Five Tool Baseball Performance Training (FTBPT) is dedicated to sharing its knowledge, ideas and opinions on baseball performance training based upon field tested experiences as player, coach and baseball strength & conditioning coach. Proper exercise technique ( to ensure effective & efficient training programs) and baseball related movement patterns are implemented to maximize on-field performance. Emphasis is placed on movement based training which integrates multiple muscle groups. This approach has a greater transfer to on-field performance and can minimize the incidence and risk of injury. 
 If a game is being played you can be sure Im watching it from home or from the stands. Many of my own workouts involve designing/creating out-of-the-box exercises & programs to enhance performance and movement unique to baseball

Saturday, May 28, 2011

Baseball Speed...What is it?

Baseball Speed...What is it?

First, in my opinion, let me tell you what it shouldn't be. It shouldnt be testing for the 60 yard dash -because a ball player will rarely sprint 60 yards (54.9m) in a straight line during game situations. However, I dont see things changing anytime soon so "The 60" will continue to be baseball's scouting standard to evaluate speed. But what about testing for speed that could actually mean something. Speed that translates to the field - speed that I refer to as functional speed. I break it down into two categories:

1) Functional 60 yard speed:

The traditional, linear 60 yard sprint will only predict what you might be able to do in game situations. Whereas "The Functional 60" test such as home-to-second, first-to-third, or even second-to-home can provide speed times for real baseball situations. AND lets not forget the non-tangables such as getting good jumps/reads on base hits, and recognition of defense all can influence the ability to take that extra base.

2) Functional 30 yard speed:

Top baseball speed is achieved around 30m-40m; and since the distance between bases is 27.4m (30 yards) it would be difficult for a player to reach top speed between bases (unless rounding one base to advance to the next). That being said, I still believe that a 30 yard sprint test, such as home-to-first represents game speed better than the 60 yard sprint. However, the 30 yard sprint test such as first-to-second or second-to-third may not make as much sense because of lead-offs & sliding zones reducing the 30 yard distance between bases.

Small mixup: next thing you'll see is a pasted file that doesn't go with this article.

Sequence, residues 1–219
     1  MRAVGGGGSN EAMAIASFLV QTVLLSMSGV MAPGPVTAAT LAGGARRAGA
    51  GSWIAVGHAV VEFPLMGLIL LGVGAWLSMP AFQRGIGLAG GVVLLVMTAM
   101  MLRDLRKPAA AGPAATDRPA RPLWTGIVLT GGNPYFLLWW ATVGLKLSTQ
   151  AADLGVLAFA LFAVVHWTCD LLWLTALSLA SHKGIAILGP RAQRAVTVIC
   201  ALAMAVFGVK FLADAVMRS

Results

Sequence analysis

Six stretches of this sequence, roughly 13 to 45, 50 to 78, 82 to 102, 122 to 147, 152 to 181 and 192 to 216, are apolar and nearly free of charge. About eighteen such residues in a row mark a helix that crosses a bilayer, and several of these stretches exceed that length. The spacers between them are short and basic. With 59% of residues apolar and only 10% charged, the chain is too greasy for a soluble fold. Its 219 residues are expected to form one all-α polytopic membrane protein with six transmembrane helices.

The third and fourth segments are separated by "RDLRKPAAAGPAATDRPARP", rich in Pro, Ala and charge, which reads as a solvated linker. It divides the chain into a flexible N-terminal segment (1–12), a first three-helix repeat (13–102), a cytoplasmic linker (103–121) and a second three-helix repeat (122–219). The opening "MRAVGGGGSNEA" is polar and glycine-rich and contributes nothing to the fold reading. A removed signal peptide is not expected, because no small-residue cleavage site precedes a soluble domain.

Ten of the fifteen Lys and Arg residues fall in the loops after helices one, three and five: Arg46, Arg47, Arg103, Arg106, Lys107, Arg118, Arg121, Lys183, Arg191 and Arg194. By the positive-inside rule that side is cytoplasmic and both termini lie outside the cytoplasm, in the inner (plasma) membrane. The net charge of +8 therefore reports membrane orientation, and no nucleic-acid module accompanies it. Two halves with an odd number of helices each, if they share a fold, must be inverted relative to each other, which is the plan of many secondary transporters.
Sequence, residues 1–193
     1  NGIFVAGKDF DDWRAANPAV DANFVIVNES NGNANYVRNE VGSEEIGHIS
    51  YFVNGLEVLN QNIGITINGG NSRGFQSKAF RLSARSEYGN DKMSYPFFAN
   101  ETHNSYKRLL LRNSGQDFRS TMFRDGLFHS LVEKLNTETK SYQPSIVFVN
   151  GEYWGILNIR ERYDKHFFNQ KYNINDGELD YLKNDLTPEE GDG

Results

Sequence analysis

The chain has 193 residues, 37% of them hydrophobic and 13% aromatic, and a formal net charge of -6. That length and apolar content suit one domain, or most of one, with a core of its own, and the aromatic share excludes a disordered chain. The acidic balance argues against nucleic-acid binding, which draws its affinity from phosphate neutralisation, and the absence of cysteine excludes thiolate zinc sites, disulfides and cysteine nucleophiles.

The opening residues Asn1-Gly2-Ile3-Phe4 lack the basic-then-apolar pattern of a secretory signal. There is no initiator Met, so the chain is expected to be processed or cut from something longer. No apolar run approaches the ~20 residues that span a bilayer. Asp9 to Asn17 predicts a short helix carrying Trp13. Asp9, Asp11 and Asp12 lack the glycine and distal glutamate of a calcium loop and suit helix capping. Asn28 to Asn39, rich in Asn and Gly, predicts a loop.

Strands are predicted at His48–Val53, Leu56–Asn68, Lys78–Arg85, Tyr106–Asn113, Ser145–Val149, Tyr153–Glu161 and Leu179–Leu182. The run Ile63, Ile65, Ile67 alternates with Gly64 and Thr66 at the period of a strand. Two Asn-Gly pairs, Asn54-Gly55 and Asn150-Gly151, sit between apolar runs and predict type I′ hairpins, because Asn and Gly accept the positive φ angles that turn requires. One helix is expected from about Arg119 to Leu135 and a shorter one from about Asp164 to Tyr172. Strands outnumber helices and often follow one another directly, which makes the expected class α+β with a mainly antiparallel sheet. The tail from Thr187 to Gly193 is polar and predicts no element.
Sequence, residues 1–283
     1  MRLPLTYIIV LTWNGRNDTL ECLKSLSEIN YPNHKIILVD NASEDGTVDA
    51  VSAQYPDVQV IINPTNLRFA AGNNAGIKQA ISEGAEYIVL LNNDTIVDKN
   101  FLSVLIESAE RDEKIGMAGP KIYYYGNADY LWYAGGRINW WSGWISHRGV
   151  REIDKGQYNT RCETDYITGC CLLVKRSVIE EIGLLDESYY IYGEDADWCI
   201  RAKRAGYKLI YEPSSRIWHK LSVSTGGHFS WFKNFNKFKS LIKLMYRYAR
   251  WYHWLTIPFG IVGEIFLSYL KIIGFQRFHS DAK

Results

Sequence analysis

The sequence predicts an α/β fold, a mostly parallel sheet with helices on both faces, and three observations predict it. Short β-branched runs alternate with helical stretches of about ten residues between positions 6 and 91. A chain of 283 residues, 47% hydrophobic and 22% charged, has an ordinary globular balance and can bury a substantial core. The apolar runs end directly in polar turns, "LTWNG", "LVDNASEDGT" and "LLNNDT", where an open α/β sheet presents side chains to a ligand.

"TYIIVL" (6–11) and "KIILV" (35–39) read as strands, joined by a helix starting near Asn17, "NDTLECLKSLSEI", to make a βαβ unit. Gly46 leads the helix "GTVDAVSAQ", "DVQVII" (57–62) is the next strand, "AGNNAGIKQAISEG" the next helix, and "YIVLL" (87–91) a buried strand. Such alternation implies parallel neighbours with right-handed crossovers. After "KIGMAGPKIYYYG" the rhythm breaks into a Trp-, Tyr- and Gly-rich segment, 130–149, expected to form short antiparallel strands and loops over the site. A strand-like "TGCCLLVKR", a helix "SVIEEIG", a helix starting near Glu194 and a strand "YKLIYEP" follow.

There's no doubt that speed - offensively & defensively - is an asset. But it's much more than just running fast. Reaction, 1st step quickness, acceleration, deceleration under control and agility (ability to start, stop & change of direction) are pivotal to game speed. And when combined with the athlete's knowledge of different game situations and the ability to "READ" those situations you can overcome any lack of raw speed. So you may not be the fastest guy on the team, but you can train to be the smartest and quickest. And above all, run hard all the time. You may get into a hitting slump, or even a throwing slump but there's never an excuse to be in a running slump.

So when it comes to baseball speed, becoming a student of the game and practicing for various game situations cannot be overlooked. All the while your strength & conditioining program should include, but limited to, 1 leg exercises, resisted & assisted sprints, truck/sled pushes,  jumping rope, variety of jumps/hops.

Out train the game...and run hard.

1 comment:

Thurman Hendrix said...

Adam - Great Post and I absolutely agree that the 60 is not a very good assessment for baseball speed. However, you're right in that the 60 will probably continue to be the test of choice for scouts. With that being said then, players need to continue to work on their 60 since this is what might be the determining factor in getting them to the next level. This is a shame because it takes away practice time where they can actually be working on improving their game speed.

To me, baseball speed is all about focus. It's very dificult to mentally transition into a sprinter with perfect technique after immediately hitting a ground ball to the second baseman. Usually the first few strides out of the box are wasted because the runner has a negative emotional moment where he is still thinking about the at-bat. As you know, proper technique on the first few strides to any sprint are critical because this is where acceleration takes place.

My ebook (60 Yard Dash Secrets) goes into depth about improving not only your 60 yard dash, but also other forms of baseball speed as well. Players interested should check out